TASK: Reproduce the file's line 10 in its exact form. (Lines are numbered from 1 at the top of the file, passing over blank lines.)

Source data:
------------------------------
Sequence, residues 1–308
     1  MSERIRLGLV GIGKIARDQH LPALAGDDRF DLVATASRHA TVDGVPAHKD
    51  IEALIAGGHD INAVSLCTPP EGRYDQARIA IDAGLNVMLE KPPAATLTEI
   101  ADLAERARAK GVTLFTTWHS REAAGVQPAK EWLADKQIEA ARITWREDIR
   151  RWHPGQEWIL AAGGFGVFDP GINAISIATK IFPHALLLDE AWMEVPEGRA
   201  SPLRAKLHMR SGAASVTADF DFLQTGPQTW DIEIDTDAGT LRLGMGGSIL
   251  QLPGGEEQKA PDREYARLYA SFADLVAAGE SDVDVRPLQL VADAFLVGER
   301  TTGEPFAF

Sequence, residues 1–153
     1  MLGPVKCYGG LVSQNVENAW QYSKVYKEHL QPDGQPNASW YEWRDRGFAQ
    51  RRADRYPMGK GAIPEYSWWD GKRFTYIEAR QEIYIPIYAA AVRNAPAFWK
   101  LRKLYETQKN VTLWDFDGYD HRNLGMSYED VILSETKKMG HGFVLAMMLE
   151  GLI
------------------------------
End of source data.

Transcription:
     1  MLGPVKCYGG LVSQNVENAW QYSKVYKEHL QPDGQPNASW YEWRDRGFAQ